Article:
Oysters are attractive. Not in an aesthetic way (although I’m sure there are those who would disagree) but rather as an idea of what it means to live in London. So I was very happy the the Oystermen were laying on Essex oysters straight out of Maldon. Maldon is a town that recalls deep English history and also personal memories of long car journeys on crap Sundays to see people I still don’t know who they were/are. I’d arrived at the OB&G from the Summer Exhibition where nothing to my untrained eye had the emotional power unleashed by the simple scrawl Oysters from Maldon £2.00.
So we ordered six. Which on arrival turned out to be twelve, I guess they’d assumed we want six each. It didn’t matter, we had the capacity between us for a dozen of salty slithers seasoned with a bit of onion relish. We munched them in the window, observing the passing trade of tourists, workers and a curiously shaped man much gutted, not unwealthy and certainly confused. He passed by a couple of times yet did not seem to have reached his destination. The window of OB&G is a good place to sit and stare and I’m glad that we chose there and not a table.
The staff are friendly souls, friendly enough that I didn’t umbrage at a pat on the shoulder but instead reflected that I should be able to cope with physical contact from strangers after four decades of walking the earth. Plaice was next, simply grilled in its entirety (head and all) with samphire, butter and capers. Who couldn’t enjoy that? Chips on the side and a splash of Muscadet in the glass made for a good combination and having gone this far we decided to speculate on dessert.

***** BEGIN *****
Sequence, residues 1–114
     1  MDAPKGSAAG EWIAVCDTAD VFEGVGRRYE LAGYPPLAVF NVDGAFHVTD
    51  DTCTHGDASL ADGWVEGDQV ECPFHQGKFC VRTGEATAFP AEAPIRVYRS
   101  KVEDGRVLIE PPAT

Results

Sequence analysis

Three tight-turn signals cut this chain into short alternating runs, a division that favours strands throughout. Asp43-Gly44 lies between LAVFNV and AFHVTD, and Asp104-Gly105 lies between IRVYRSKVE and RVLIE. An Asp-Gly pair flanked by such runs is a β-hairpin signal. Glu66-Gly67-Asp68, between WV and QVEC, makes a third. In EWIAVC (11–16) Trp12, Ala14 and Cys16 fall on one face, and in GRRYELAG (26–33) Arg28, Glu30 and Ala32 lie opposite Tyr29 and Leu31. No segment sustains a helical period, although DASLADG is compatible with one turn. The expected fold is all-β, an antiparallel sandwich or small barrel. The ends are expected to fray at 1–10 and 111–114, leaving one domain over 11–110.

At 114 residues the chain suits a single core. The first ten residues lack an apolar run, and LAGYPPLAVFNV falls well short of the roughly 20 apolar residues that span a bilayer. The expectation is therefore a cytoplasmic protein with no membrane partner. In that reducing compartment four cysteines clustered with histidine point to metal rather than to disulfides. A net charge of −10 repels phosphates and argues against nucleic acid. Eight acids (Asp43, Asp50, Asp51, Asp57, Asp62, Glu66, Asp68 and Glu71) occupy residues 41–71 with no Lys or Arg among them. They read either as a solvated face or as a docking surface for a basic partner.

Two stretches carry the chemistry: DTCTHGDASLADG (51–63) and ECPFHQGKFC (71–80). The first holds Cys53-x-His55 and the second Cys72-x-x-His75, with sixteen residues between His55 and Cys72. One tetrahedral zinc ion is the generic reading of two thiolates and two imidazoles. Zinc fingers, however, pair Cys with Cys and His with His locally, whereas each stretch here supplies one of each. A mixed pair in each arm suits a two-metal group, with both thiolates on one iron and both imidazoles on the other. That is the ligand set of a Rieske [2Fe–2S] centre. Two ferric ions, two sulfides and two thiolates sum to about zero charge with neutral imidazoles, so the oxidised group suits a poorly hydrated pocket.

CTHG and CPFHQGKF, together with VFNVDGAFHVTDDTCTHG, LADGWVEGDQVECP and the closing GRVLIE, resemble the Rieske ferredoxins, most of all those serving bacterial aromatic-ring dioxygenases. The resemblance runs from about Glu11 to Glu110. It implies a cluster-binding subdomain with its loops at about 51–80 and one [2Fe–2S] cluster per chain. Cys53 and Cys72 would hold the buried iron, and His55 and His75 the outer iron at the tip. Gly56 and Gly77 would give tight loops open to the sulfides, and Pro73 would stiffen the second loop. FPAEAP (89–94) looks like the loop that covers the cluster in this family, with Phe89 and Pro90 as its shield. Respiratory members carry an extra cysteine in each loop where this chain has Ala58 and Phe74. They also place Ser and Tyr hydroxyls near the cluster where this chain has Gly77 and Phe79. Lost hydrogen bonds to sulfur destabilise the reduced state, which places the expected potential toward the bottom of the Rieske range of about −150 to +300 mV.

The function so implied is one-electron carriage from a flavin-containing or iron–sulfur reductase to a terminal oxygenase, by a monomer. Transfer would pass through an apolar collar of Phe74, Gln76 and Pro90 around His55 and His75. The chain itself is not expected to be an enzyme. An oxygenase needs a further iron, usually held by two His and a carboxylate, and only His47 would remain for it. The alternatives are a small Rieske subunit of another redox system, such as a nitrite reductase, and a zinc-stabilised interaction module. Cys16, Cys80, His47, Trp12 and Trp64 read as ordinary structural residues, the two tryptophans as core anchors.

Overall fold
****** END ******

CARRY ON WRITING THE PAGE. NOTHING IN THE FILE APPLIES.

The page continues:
Dessert was ganache or cheese. Ganache then, I was feeling quite full. Yoghurt ganache but too much of that for someone without the sweet tooth; strawberries and basil leaves worked well though. Did we want a digistif? Yes we did but we also wanted to get on with our evening.
It is a good place. The waiter/manager told me they’d been open for three weeks and I hope they make a go of it. Covent Garden has an awful lot of crap but the Oystermen aren’t involved in that scene, they cook straight up good food and serve it well at a reasonable price for the area. I hope they thrive.
To see which other restaurants I’ve visited in 2016/7 check out my GoogleMap
Blue Badge guide to London and academic specialising in early twentieth century history. Blogging on history, academia, and food and culture in the capital (and occasionally elsewhere).